Starting with Mavericks, the OS X installer hosts a hidden Unix program called createinstallmedia specifically for creating a bootable installer drive. Using it requires the use of Terminal, but createinstallmedia works well, it's officialand performing the procedure requires little more than copying and pasting. The only real drawback to createinstallmedia is that it doesn't work under OS X If you absolutely refuse to go near Terminal, an El Capitan-compatible version of DiskMaker X is now availablealthough I haven't yet had the chance to test it.
Copy complete. Making disk bootable Copying boot files The procedure can take as little as a couple minutes, or as long as 20 to 30 minutes, depending on how fast your Mac can copy data to the destination drive.
Once you see Copy Complete. You can boot any El Capitan-compatible Mac from your new installer drive. First, connect the drive to your Mac. Then, restart your Mac or, if it's currently shut down, start it up while holding down the Option key. Alternatively, if your Mac is already booted into OS X, you may be able to choose the installer drive in the Startup Disk pane of System Preferences, and then click restart.
In fact, you'll see the same OS X Utilities screen you get when you boot into OS X Recovery—but unlike with recovery mode, your bootable installer includes the entire installer. Macworld also has bootable-install-drive instructions for Yosemite OS X Your OS X user account must also have administrator privileges. Making the installer drive Connect to your Mac a properly formatted 8GB or larger drive, and rename the drive Untitled. The Terminal commands I provide here assume that the drive is named Untitled.
Select the text of the following Terminal command and copy it. Note that the window that displays the command scrolls to the right. Paste the copied command into Terminal and press Return.Like previous versions of macOS, El Capitan This is fine if you want to quickly install the new OS to replace an existing one. But for a lot of users, there's a bit of housekeeping that needs to be done before installing the new OS.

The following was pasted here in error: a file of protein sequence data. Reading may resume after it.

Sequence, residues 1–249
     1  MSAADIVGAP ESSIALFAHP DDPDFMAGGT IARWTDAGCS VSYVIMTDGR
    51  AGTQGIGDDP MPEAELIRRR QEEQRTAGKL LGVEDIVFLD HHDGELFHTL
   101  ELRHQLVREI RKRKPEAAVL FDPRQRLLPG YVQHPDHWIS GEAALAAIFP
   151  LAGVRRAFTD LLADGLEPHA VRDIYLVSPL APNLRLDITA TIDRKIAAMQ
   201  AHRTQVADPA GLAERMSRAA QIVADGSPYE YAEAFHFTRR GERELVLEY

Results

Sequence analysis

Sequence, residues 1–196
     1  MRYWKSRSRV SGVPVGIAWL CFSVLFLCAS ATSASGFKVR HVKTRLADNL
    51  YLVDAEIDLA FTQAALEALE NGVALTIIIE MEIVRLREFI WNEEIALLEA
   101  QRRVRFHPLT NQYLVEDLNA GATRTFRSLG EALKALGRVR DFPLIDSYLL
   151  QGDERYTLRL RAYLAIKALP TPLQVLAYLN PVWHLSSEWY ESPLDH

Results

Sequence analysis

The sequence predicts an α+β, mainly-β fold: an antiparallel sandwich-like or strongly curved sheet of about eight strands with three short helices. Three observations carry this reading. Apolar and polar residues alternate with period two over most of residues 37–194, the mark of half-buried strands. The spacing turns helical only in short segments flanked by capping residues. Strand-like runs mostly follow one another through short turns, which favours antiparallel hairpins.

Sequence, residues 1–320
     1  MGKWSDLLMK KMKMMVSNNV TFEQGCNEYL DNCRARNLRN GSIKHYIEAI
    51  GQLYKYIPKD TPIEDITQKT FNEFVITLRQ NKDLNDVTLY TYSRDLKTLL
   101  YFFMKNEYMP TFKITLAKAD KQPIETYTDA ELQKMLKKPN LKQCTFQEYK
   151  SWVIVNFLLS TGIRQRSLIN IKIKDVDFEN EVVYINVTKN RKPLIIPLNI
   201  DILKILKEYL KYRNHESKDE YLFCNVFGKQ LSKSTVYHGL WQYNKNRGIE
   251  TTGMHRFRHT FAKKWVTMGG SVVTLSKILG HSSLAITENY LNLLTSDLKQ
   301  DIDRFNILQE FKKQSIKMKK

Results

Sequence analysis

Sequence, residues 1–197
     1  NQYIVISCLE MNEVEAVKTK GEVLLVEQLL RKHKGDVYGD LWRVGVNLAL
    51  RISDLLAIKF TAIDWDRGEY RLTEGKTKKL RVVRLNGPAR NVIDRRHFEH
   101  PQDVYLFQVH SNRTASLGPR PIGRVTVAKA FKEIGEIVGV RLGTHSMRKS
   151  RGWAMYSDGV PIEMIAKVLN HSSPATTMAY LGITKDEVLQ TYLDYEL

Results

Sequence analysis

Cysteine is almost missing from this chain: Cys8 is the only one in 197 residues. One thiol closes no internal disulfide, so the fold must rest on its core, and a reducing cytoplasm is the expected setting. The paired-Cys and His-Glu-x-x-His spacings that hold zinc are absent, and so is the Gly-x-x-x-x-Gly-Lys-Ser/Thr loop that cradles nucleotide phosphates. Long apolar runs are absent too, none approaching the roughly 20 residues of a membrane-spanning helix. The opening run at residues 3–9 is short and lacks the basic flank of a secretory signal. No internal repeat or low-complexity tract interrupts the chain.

This may include backing up your data or making a bootable version of the El Capitan installer on a USB flash drive. A bootable installer for macOS El Capitan is a good idea even if your plan is to perform an upgrade install.
Having your own copy of El Capitan on a separate device ensures that you'll always be able to install or reinstall it.
There are two ways create the bootable installer. One involves Disk UtilityFinder, hidden filesand a great deal of time and effort. The older OS used in that guide will still work for El Capitan.
The other method is less involved, has fewer places where things can go wrong, and only involves a single app: Terminal. You'll need a copy of the El Capitan installer. Download the installer from the Mac App Store.
Once the download is complete, the installer will start automatically. When it does, quit the installer. If you allow the installer to perform the installation, the installer will delete itself at the end of the process.
We need the installer program to help us create a bootable installer, so it's important that you not let the installer run.
If you have already installed El Capitan and wish to now create a bootable installer, you can force the Mac App Store to re-download the installer.
These instructions will also work for other suitable bootable devices, including an external drive or internal drive, but we'll assume you're using a USB flash drive. Give the flash drive an appropriate name. We suggest calling the drive elcapitaninstallerbut you can use any name you'd like, provided there are no spaces or special characters. If you do select a different name, you'll need to modify the Terminal command we outline below with the flash drive name you selected.
The command is a single line of text, though your web browser may display it displayed as several lines. If you used the drive name suggested above, you can copy and paste the complete line of text. The terminal will execute the createinstallmedia command and display the status of the procedure. Once Terminal completes the command, it will display the line Doneand then show the Terminal prompt waiting for a new command.To start the conversation again, simply ask a new question.
I'd like to re-use an old Mac Posted on Nov 24, AM. Page content loaded. Nov 24, AM in response to myshkin In response to myshkin Nov 24, AM. Hi Eau I'm sorry, that link in your reply was 'How to Upgrade The OS of the older Mac has been corrupted and cannot boot.
On the terminal, the command:. Nov 24, PM. Nov 24, PM in response to myshkin In response to myshkin Now you should be able to use the createinstallmedia command to create. Communities Contact Support. Sign in Sign in Sign in corporate. Browse Search.
Ask a question. User profile for user: myshkin myshkin Thanks in advance for your help. More Less. Reply I have this question too I have this question too Me too Me too.
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How to Create a OS X El Capitan Boot Installer USB Flash Drive
User profile for user: Eau Rouge Eau Rouge. Desktops Speciality level out of ten: 1. If so then use the createinstallmedia commands to create the bootable installer.